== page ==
They are farmers, workers, entrepreneurs, teachers, and they are key to building resilient, peaceful and sustainable societies. They live in rural settings, but their contributions nurture entire nations. And as COVID-19 ravaged our lives and economies, rural women have been leading, often hidden from the limelight, in sustaining and recovering their communities.
Their work has increased – whether paid or unpaid – but they face added risks of insufficient infrastructure and services. How do you stay safe from COVID-19 when water and safe sanitation is in short supply, and when access to health is already precarious? In many countries, although rural women grow most of our food, land rights is still a distant dream. As COVID-19 pushes thousands of unemployed migrant workers to return to rural communities, the pressure on land and resources and the gender gaps in agriculture and food security will grow even more.
This year on International Day of Rural Women (15 October), UN Women is drawing attention to the urgent need to build rural women’s resilience in the wake of COVID-19 by strengthening their livelihoods and wellbeing.
Take a look at just five ways that rural women are feeling the impacts of COVID-19 and leading the response in their communities.
Supporting one-another in Georgia
When a family of potato farmers in southeast Georgia were all hospitalised and undergoing COVID-19 treatment, Naira Paksadze and neighbours stepped in to hoe their fields and save the harvest.
“What else could we do in such a situation?” Naira says. “This was the only thing, and if we hadn’t done it, the weeds would have spoiled everything. The family will need some source of income when they recover and get out of hospital, won’t they?”
The municipality (Marneuli) was declared a quarantine zone in March 2020. The local population, which rely on agriculture, found it extremely difficult to sell their goods during the lockdown. Naira, herself a farmer and community mobiliser, knew that supporting one-another would be critical to recovering from the pandemic.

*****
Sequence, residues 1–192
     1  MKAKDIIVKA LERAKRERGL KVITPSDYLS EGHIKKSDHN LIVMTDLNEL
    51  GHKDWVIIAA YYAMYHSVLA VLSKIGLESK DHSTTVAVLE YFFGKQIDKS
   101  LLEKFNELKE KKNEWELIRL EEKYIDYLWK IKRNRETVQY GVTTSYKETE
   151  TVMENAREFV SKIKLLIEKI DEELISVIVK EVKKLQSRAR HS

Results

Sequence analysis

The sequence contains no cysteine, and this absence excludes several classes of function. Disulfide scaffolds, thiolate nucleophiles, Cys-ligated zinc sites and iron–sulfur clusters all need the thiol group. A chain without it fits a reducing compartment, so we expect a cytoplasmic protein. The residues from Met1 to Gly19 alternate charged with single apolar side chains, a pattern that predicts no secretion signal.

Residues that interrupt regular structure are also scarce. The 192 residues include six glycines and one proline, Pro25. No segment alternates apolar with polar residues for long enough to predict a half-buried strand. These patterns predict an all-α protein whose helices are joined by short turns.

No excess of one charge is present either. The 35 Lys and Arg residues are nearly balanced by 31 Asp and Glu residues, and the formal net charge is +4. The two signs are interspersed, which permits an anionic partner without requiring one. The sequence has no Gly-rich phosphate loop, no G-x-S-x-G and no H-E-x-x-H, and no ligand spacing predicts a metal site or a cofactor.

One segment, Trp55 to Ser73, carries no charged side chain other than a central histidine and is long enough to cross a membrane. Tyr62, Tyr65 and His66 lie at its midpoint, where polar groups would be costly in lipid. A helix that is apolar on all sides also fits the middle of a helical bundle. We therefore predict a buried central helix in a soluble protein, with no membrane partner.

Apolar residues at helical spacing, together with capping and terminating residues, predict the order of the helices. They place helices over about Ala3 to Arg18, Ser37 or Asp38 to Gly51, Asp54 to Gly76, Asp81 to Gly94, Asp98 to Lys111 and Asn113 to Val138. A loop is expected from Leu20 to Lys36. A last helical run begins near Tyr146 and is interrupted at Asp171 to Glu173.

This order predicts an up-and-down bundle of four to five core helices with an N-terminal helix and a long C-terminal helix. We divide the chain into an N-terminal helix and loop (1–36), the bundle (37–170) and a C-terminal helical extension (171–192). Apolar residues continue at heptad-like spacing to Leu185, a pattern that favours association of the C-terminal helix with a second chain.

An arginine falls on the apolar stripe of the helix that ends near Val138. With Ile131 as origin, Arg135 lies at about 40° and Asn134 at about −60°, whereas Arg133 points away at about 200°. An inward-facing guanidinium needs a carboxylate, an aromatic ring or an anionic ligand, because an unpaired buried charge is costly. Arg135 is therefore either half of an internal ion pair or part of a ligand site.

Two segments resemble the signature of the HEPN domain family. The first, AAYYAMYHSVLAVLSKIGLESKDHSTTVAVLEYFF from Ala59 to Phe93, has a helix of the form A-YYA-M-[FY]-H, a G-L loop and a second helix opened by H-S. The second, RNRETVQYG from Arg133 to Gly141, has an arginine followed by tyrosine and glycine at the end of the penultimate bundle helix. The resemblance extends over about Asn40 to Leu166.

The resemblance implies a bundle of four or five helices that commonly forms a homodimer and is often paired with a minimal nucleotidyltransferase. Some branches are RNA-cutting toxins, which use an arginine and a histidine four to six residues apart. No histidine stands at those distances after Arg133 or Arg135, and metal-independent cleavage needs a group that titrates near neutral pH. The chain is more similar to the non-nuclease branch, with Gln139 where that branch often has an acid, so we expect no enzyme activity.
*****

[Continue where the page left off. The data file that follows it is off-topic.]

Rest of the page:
Outside of tending to the land for those who were unable, the women of the local self-help group, “Women for the Future”, led by Naira, worked to help families in need. The group distributed essential goods, including disinfectants, food, as well as cash assistance.
Volunteering to protect communities in China
As the COVID-19 pandemic spread through China, rural women farmers volunteered to stop the spread. In the rural village of Xiaruoyao, in the northwestern Qinghai Province, 45-year-old Yan Shenglian joined her village’s COVID-19 management team.
Every day, Shenglian worked to ensure that anyone going in or out of the village had their temperature checked and information recorded. She also spread awareness about avoiding large gatherings and maintaining social distance.
For Shenglian, the confidence to volunteer and lead in her community came from participating in a series of skills training sessions in 2019, through a UN Women programme funded by the Chanel Foundation. The programme taught her business skills and helped her recognize the value of women’s leadership, including her own.
“Although some men do not want to admit it, they are silently imitating and learning my methods,” she says, adding that no one questions her abilities any longer and no villagers think that women cannot participate in public affairs.
“I feel that my voice can be heard, and I can get a lot of support now.”
Saving women-owned small businesses in Tanzania
Rosemary Satunini Berere, 23, grew up in Samunge village in Ngorongoro district in Arusha region, an area best known for craters, sacred forests and mountains and wildlife. The Maasai people live in this area.
When COVID-19 reached her community in March 2020, tourist travel was mostly cancelled, and the tourist lodges that provided a major market for Rosemary’s organic vegetable business were temporarily closed.